Even by the standards of Pep Guardiola at Manchester City, it was a stunning display of strength. There were a few of them here at the club’s training ground on Tuesday as the manager looked ahead to the second leg of the Champions League semi-final against Real Madrid on Wednesday night – one of the most monumental occasions in City’s history.
As he had done before the first leg at the Bernabéu last Tuesday, which finished 1-1, Guardiola had no problem in admitting his bosses – the top brass from Abu Dhabi – craved a first Champions League success. It has been a subtle change of tone and his articulation of it seems to come from a place of confidence.
Pre-match tension? You did not feel it in Guardiola, despite a bit of his usual fidgeting. He was a snapshot in easy cool, self-awareness, too. “I’m not overthinking it, don’t worry guys,” he said with a smile.
Guardiola wants his team to play what is in front of them, to be themselves, not to fret about what has happened in the past, the agonising knockout-phase losses. Hence the line about his legacy being “exceptional already”. Guardiola blew out his cheeks. “At home, we feel … wow,” he said. “Full of belief.”
But if we needed action to go with the words, then the guy who occupied the press conference stage before him had a story to tell; an illuminating one. Kyle Walker was trucking along nicely until the home win against Newcastle on 4 March, after which he went out and about in town and everything unravelled.
Walker’s shame has been well documented; the story about the CCTV footage that appeared to show him exposing himself in a bar, the subsequent out-of-court disposal – the way police resolve a low-level crime where the offender is known and has admitted to the offence.
Guardiola cold-shouldered Walker until the middle of April, starting him once in six games – the FA Cup tie against Burnley. He left him as an unused substitute in the biggest matches during the run – the Champions League last‑16 second leg against RB Leipzig, the league match with Liverpool and the quarter-final first leg against Bayern Munich.
Was Guardiola punishing Walker for his off-field behaviour? He has not said. But what he did say on 8 April might have been more wounding. Guardiola had preferred to play a centre-half out of position over Walker at right‑back, mainly John Stones, asking him to step up and across into midfield. He explained that it was because Walker lacked the tactical intelligence to do so, the “educated movements”. Ouch.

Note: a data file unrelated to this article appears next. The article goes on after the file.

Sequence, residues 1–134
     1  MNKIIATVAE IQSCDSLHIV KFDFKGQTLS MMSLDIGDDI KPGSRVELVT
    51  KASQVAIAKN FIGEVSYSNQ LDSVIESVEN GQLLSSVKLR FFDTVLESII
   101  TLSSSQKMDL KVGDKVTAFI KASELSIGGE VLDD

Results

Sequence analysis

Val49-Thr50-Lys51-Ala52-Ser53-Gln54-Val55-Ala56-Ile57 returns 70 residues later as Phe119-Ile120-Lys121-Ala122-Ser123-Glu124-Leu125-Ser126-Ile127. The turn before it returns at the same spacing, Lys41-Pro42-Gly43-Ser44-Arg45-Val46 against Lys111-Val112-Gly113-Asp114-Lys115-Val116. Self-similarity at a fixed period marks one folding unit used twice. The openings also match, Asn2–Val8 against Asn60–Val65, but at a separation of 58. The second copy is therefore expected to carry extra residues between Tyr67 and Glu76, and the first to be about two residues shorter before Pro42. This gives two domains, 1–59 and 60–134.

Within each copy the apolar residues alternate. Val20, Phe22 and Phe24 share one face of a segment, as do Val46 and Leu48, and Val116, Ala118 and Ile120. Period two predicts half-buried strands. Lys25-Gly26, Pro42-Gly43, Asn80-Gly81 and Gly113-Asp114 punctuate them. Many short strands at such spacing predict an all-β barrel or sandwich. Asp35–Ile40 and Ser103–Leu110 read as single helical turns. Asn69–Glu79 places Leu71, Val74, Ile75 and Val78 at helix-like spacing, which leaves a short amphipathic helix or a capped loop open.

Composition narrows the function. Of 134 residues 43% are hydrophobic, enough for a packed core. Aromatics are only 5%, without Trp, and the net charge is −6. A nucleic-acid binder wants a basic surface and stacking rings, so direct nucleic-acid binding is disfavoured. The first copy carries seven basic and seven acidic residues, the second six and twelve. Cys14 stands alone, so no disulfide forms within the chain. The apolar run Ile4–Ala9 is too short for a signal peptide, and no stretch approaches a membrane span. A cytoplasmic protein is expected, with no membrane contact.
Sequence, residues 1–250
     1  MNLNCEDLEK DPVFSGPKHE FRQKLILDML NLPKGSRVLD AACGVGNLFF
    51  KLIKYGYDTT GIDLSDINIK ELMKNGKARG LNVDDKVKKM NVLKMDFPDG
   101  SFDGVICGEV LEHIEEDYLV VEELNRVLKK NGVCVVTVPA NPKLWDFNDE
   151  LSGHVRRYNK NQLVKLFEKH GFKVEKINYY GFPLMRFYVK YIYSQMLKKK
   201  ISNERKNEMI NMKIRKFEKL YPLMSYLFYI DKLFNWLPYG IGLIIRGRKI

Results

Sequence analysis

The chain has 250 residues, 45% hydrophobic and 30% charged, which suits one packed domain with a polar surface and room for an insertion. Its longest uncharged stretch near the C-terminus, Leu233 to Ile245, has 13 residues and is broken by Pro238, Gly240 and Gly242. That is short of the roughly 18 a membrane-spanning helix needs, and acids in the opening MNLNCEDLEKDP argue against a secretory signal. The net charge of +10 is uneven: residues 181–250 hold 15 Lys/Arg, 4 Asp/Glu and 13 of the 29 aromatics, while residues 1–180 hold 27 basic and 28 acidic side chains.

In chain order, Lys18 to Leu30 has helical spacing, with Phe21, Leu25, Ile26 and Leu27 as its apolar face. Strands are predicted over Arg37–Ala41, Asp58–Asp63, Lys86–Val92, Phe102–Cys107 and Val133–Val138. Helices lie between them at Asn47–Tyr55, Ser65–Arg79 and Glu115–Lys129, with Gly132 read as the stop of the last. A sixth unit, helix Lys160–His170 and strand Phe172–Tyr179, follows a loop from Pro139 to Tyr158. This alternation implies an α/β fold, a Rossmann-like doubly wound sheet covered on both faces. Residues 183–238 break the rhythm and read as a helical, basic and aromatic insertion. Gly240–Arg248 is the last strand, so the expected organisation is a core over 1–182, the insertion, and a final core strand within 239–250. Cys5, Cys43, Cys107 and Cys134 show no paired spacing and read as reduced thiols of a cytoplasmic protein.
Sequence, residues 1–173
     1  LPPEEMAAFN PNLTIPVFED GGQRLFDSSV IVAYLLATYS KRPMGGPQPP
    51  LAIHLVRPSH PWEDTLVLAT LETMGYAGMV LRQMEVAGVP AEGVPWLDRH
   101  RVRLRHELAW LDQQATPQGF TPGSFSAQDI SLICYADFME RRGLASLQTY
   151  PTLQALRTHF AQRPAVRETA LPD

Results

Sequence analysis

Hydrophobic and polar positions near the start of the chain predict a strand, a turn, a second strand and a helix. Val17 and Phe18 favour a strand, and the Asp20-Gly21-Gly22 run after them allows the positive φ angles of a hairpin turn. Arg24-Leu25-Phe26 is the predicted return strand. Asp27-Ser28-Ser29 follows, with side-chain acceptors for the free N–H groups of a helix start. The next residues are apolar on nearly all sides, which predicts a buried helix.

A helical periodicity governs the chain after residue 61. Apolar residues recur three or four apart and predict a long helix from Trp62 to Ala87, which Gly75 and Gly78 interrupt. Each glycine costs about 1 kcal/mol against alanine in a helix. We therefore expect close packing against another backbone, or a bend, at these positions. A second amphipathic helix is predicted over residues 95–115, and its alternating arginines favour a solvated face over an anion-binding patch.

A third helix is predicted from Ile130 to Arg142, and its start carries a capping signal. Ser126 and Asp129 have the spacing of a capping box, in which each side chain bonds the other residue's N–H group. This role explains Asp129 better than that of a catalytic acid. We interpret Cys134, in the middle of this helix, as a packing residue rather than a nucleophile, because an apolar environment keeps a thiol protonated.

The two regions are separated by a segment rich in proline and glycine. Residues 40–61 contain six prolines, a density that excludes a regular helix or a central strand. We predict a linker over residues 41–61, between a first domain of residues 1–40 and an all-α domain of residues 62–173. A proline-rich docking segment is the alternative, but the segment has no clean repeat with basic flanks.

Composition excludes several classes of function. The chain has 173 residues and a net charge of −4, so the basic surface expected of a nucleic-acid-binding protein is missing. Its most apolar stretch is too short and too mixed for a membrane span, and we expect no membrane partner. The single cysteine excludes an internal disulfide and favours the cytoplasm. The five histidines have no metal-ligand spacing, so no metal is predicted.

Guardiola had already moved on one full-back – João Cancelo to Bayern in January – albeit he tended to use him on the left. Now he discarded undisputedly England’s No 1 right-back, whom he had counted on for years. Does any other club manager in Europe have the range of options to act like this? Or the chutzpah?
It looked over for Walker at City. The team, though, did not miss a beat. They continued to win. This is the machine into which Madrid have run, the one eyeing more than Champions League glory. City are on for the treble and it has come to feel as if everybody expects them to complete it. They are normalising the ridiculous.
Even better for Guardiola has been Walker’s form after regaining his place. He has barely missed a beat and was exceptional – to borrow his manager’s description – in the first leg against Madrid; against the danger man, Vinícius Júnior. It is the duel that could shape the return.
Everyone seemingly has emerged from the episode in better shape: Guardiola, Walker, City as a collective. They are ready for the defining moments.
“Sometimes, certain opinions in football … you don’t always agree with,” Walker said. “Did it hurt? Of course it did. I can’t sit here and lie to you and say it didn’t hurt. You start to doubt yourself but you have to go back to basics … to prove him wrong and that is what I have done.”
Walker v Vinícius has been built up in a similar way to Walker v Kylian Mbappé before the World Cup quarter-final between England and France last December. England lost but Walker conceded nothing in the duel. At the age of 32, he has lost none of his pace and he revealed he had been clocked “the other day by one of the lads in sports science” at 37.5km/h.
Guardiola feels his team must be better than they were in the first leg; they need to be more creative, get balls into Erling Haaland, show greater cohesion. But he will demand more of the same from Walker, whose embrace with Vinícius after the game was one of the abiding images.
“I went to hug him because he tried to rainbow flick me, so it was kind of like: ‘Please don’t try that again – I don’t want to be a meme,’” Walker said. “Boxers fight and then they shake hands after. That is the level of respect I have for him. I will give him the respect [after the final whistle] but before then it is dog eat dog.”
Walker talked about how City had grown from the Champions League exits of the past, mentioning the heartbreaker against Tottenham in 2019. He also said that the team had walked a fine line in the league this season; one more bad result after the draw at Nottingham Forest on 18 February and it “could have been all over”. Instead, they have won 11 games in a row, a fifth title in six years now a formality.
“We seem to kick on at the business end,” Walker said. “We were having a joke with Ilkay Gündogan yesterday – he turns into prime Zidane in the last couple of months. These players are born winners.”
They just have to show it against Madrid.